|About this Abstract
||2022 TMS Annual Meeting & Exhibition
||Environmentally Assisted Cracking: Theory and Practice
||Cold Spray Process to Combat Potential Stress Corrosion Cracking in Used Nuclear Fuel Storage Stainless Steel Canisters
||Nicholas Pocquette, Hwasung Yeom, Hemant Agiwal, William Bowman, Kenneth Ross, John Kessler, Gary Cannell, Frank Pfefferkorn, Kumar Sridharan
|On-Site Speaker (Planned)
Cold Spray technology has been investigated as a method for the repair and mitigation of chloride induced stress corrosion cracking (CISCC) in 304L and 316L stainless steel canisters used to store spent nuclear fuel in dry cask storage systems (DCSS). The cold spray process is powder-based, solid-state method for producing high-density coatings and deposits. The compressive residual stresses and fine grain structure of the coatings is expected to mitigate the initiation and growth of CISCC. The substrates in this study were 304L and 316L and coating materials were 304L, 316L and nickel. The cold spray coatings were deposited on flat and curved geometry samples. The CISCC mechanism in the cold spray deposits were examined using the boiling MgCl2 tests and compared to that of the uncoated samples. Electrochemical corrosion studies were conducted to characterize pitting behavior and stability of the surface passivation layer, phenomena that contribute to initiation of CISCC.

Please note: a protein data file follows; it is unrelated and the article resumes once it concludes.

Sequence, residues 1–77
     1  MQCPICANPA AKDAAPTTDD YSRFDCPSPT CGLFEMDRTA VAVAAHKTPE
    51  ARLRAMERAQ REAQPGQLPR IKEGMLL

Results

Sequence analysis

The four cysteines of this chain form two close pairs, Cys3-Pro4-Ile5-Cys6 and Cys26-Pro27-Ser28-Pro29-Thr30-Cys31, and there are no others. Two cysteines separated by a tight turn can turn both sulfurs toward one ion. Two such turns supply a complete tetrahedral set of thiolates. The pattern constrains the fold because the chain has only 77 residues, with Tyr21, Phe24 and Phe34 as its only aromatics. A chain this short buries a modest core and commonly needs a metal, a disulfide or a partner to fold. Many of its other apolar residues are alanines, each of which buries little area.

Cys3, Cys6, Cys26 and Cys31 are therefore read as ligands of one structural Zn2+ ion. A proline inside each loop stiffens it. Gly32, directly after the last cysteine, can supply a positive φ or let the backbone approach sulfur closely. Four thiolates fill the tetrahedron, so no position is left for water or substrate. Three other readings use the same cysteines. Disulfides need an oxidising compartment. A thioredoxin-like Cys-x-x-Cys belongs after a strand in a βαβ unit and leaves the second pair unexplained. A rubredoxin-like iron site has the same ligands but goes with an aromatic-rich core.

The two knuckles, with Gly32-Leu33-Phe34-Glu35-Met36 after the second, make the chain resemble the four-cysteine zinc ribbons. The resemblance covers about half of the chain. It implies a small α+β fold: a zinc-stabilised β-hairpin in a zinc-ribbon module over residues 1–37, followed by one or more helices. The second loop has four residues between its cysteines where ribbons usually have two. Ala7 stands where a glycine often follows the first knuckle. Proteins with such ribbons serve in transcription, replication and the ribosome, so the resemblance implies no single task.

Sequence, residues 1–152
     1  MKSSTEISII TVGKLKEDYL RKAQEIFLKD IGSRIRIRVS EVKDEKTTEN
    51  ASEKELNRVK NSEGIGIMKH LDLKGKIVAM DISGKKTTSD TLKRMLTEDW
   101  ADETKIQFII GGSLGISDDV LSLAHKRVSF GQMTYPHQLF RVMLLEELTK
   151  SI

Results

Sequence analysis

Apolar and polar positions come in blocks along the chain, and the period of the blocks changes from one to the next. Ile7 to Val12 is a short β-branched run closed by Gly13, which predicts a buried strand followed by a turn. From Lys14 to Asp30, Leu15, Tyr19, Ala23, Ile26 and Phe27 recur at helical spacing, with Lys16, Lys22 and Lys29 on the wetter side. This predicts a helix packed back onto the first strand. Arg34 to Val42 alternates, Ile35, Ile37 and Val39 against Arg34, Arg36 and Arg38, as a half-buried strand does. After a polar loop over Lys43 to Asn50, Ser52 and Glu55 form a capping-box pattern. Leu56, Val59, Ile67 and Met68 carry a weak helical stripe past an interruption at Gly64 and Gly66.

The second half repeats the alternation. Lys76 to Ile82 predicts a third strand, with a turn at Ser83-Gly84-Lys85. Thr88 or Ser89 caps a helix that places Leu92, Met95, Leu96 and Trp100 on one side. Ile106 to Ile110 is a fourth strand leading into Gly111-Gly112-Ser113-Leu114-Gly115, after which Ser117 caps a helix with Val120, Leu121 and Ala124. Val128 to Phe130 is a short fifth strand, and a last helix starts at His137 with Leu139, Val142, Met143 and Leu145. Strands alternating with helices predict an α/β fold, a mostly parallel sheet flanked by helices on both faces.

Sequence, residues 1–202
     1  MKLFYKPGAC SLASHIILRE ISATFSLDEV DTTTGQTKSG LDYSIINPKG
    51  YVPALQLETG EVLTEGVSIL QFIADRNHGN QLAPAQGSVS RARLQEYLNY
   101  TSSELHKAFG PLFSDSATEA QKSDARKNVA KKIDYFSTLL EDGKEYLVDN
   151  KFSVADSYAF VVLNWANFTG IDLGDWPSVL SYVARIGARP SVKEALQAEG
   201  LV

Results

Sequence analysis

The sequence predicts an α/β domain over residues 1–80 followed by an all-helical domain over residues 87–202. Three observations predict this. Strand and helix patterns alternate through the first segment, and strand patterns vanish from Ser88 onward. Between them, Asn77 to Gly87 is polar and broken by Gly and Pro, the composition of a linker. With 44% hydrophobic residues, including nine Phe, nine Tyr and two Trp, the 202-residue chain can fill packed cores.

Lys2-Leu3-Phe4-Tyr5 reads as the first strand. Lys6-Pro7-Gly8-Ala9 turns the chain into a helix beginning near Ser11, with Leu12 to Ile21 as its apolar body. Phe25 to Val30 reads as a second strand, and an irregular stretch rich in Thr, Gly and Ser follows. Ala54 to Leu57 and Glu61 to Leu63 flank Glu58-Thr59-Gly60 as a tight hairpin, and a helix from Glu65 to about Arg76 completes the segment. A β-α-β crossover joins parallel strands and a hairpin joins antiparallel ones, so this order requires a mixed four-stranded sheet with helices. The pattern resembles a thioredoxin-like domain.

||Additive Manufacturing, Powder Materials, Surface Modification and Coatings